Carolina First Bank sees ‘disappointing’ year; more challenges ahead in 2009

Published 3:41 pm Tuesday, February 17, 2009

That loss was mostly attributable to &dquo;housing-related loans&dquo; gone bad in Florida, a state the New York Times described last Sunday as &dquo;the American dream in high reverse.&dquo;

After including a non-cash accounting charge for &dquo;goodwill impairment&dquo; of $426 million reflecting lower valuations of its Florida franchise, TSFG booked a total loss of $568 million for 2008.

That single-year loss is about $40 million more than all the net profits the bank reported from 2002 to 2007.

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&dquo;It goes without saying that we find these numbers disappointing,&dquo; Harton told the analysts.

The U.S. Treasury Department&squo;s efforts to help banks begin to lend again are working, Harton said, but new problems have now arisen in the economy. He cited &dquo;the rapid pullback in consumer spending over the past 90 days&dquo; as now taking its toll in the bank&squo;s commercial, industrial and consumer loan portfolios.

Harton said 2009 &dquo;will also have its challenges.&dquo;

But despite the current economic conditions, Harton said he believes TSFG is poised to come back strong once the economy recovers.

Ross Sloan, Carolina First Bank Market President for Western North Carolina, said the bank remains committed to its investing in the Carolinas.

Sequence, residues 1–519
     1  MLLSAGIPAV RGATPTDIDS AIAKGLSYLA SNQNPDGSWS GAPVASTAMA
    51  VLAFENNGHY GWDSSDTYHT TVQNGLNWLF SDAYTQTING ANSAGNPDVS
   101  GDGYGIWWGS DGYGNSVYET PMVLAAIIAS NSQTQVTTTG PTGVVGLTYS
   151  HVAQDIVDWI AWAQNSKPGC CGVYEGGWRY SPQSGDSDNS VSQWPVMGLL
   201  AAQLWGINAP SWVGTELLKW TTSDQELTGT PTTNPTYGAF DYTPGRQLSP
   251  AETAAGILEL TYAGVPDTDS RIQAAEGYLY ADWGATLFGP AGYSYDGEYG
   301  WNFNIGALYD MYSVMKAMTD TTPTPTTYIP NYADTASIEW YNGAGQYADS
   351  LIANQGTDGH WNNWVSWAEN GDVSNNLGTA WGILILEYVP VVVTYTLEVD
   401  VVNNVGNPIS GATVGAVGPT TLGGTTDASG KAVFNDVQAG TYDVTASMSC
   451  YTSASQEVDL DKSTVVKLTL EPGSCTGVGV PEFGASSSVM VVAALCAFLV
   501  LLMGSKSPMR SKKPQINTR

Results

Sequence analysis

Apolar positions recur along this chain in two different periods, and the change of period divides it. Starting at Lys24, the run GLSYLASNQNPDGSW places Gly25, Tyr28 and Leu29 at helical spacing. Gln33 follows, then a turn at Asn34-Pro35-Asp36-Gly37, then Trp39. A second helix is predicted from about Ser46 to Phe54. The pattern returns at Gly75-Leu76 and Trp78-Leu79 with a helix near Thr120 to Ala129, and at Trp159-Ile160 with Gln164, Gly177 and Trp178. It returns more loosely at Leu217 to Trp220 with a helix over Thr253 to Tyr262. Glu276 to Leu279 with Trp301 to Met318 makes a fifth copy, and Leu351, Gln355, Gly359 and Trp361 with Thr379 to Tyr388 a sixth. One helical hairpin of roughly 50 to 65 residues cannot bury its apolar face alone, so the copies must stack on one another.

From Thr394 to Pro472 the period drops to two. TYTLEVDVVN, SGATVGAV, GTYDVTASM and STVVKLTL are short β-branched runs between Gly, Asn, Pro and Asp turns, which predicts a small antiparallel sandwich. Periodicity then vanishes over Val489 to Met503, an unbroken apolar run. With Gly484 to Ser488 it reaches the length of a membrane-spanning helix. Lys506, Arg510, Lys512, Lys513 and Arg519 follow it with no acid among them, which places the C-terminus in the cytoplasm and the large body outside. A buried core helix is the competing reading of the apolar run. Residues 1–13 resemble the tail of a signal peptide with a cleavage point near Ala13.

&dquo;While it is clearly a challenging time for banks right now, the fact that Carolina First is well capitalized allows us to keep our focus on our customers,&dquo; Sloan said. &dquo;Since 1986, we&squo;ve been helping customers grow their businesses and households, and will continue to do so. Likewise, we are committed to the communities we serve, and we continue to invest in them.&dquo;

Growth by acquisition

Carolina First, one of seven banks serving Polk County and Landrum, began as a small bank in Greenville, S.C. in 1986. The bank expanded over the past 23 years by acquiring 18 other banks, focusing mostly on the Palmetto State through 2002.

Under the leadership of founder Mack Whittle, they bought banks in Georgetown, Aiken, Prosperity, Mount Pleasant, Anderson, Easley, Travelers Rest, Camden, Myrtle Beach and Rock Hill.

In 2000, however, the bank changed its parent holding company name from Carolina First Corp. to The South Financial Group and began buying Florida banks.

Through 2005, TSFG went on to acquire banks in Crescent City, St. Petersburg, Tampa, Jacksonville and Boca Raton, all now operating under TSFG&squo;s Mercantile Bank franchise.

TSFG expanded its Carolina First franchise into Western North Carolina in 2003 when it purchased MountainBank Financial Corp., a Hendersonville-based startup founded in 1997 by J.W. Davis.

Today, TSFG has $13.6 billion in assets and operates 82 branches in South Carolina, 71 branches in Florida, and 27 branches in North Carolina. TSFG is the largest bank holding company in South Carolina and its operations place it among the top 50 U.S. commercial banks in total assets.

Like the other 49, TSFG has had a rough year. The bank&squo;s &dquo;non-performing&dquo; assets totalled $421 million at year end, 4.1% of the bank&squo;s $10.2 billion loan portfolio.

That&squo;s money still at risk. TSFG already wrote off bad loans of about $223 million in 2008, or 2.16% of its total loan portfolio.